World leaders must prove they’ve listened to climate activists: Thunberg


LAUSANNE, Switzerland (Reuters) – World leaders must prove that they have listened to young climate activists after a year of protests has not led to any progress in the reduction of greenhouse emissions, leading activist Greta Thunberg said on Monday.

Swedish teenage climate activist Greta Thunberg attends a news conference during the SMILE meeting (Summer Meeting in Lausanne Europe), with other young climate strike activists from 37 European countries of the FridaysforFuture movement in Lausanne, Switzerland, August 5, 2019. REUTERS/Denis Balibouse

World leaders have an opportunity at the climate summit in September in New York to address the “ecological emergency”, said the Swedish teenager, who will attend the U.N. talks, crossing the Atlantic by boat.

Some 450 activists from 38 European countries brought their #FridaysforFuture movement to the Swiss city of Lausanne, calling for swift action to reduce emissions including carbon dioxide linked to global warming, especially in Europe.

“During this last year, lots of things have happened. Then of course the global emissions haven’t gone down. So we’re still back on square one,” Thunberg told a news conference.

“So of course we will need to do so much more, we are still only scratching the surface,” the 16-year-old said.

Global warming caused by heat-trapping greenhouse gases from burning fossil fuels has already led to droughts and heatwaves, melting glaciers, rising sea levels and floods, scientists say.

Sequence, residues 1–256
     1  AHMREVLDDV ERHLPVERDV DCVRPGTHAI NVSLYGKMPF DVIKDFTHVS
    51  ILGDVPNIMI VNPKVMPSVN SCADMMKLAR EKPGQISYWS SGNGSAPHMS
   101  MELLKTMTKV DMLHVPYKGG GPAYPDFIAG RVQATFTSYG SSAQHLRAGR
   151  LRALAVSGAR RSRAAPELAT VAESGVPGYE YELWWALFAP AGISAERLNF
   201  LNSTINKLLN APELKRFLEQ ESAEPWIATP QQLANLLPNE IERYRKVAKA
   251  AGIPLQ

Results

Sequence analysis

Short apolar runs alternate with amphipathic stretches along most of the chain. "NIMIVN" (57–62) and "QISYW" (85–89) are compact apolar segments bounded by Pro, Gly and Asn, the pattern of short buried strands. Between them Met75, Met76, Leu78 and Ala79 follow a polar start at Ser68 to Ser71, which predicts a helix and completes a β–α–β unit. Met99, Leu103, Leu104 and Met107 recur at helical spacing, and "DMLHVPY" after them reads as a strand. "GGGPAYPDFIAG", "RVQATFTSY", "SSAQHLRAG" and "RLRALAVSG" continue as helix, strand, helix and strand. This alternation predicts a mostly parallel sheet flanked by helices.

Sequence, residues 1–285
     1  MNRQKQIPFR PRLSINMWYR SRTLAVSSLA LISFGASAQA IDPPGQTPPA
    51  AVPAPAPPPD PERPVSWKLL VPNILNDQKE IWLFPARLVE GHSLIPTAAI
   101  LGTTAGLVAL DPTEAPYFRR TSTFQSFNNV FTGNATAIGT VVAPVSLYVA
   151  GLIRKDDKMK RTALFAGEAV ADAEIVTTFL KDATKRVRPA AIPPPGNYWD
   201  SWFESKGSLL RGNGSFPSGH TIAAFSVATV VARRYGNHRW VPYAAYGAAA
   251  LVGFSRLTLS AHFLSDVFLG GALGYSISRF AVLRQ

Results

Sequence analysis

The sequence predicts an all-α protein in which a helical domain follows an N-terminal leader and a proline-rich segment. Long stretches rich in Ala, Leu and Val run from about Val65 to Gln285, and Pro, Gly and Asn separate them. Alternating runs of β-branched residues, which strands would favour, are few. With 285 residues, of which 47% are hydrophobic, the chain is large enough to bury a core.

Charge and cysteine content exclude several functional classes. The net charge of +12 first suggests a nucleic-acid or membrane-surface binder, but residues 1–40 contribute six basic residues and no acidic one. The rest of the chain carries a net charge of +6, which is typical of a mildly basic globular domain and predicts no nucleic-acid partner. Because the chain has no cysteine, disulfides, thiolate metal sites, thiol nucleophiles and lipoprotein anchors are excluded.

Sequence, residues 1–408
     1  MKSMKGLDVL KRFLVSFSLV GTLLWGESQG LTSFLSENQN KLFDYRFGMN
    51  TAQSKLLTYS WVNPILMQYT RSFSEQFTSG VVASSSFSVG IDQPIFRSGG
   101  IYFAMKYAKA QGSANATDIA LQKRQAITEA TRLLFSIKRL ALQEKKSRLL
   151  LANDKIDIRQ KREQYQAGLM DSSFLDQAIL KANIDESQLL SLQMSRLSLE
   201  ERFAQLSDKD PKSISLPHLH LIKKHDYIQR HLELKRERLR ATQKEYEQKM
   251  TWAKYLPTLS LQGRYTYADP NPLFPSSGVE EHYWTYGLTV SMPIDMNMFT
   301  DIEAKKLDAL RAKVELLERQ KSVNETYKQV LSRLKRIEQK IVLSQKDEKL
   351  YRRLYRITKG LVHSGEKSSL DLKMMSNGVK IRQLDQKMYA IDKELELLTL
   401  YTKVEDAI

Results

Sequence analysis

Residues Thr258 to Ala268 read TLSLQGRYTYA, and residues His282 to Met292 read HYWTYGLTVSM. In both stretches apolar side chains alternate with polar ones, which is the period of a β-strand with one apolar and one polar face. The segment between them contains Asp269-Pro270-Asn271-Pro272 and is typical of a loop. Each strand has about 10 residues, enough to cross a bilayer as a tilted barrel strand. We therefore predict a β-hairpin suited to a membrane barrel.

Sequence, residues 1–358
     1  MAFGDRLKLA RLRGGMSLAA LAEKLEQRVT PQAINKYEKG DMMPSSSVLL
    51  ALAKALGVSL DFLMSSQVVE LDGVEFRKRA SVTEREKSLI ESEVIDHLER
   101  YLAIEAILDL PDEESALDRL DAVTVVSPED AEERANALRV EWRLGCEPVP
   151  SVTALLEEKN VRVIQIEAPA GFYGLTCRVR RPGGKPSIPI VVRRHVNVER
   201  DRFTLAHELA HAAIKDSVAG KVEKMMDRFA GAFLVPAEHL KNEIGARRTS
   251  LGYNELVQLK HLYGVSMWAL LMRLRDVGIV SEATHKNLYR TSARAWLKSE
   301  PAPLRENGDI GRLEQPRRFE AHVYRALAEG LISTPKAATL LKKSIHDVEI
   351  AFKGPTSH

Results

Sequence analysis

Carbon emissions hit a record high last year, despite a warning from the U.N.-backed Intergovernmental Panel on Climate Change in October that output of the gases will have to be slashed over the next 12 years to stabilize the climate.

The movement must continue to raise the alarm, including in Asia where students have held fewer strikes, Thunberg said.

Referring to the summit, she said: “I think this is a great opportunity for world leaders to show that they have actually listened to us and to the science…Now they will have to prove that”.

Jacques Dubochet, a Swiss who won the 2017 Nobel prize in chemistry, said “fundamental change” was needed, adding: “We know exactly where we have to go – out of carbon as soon as possible.”

Ernst von Weizsacker, a scientist and former German politician, told reporters: “If we only concentrate our action on Europe we are losing the war.

This was because more than 90 percent of newly-built and planned coal-powered plants are in developing countries, he said. “And unless we persuade them that it could be lucrative and good for them to stop building coal power plants and make money out of renewable energies and energy efficiency, which is a great potential, we are losing.”

Activists urged the European Union to adopt more ambitious climate goals, in line with the Paris agreement, by reducing its greenhouse gas emissions by 80 percent by 2030 compared to 1990, and aiming to reach net-zero by 2035.

The bloc should not sign any free trade agreement with countries that do not uphold the goal of limiting global warming to 1.5 degrees, the European Citizens’ Initiative said.

Reporting by Stephanie Nebehay; Editing by Raissa Kasolowsky

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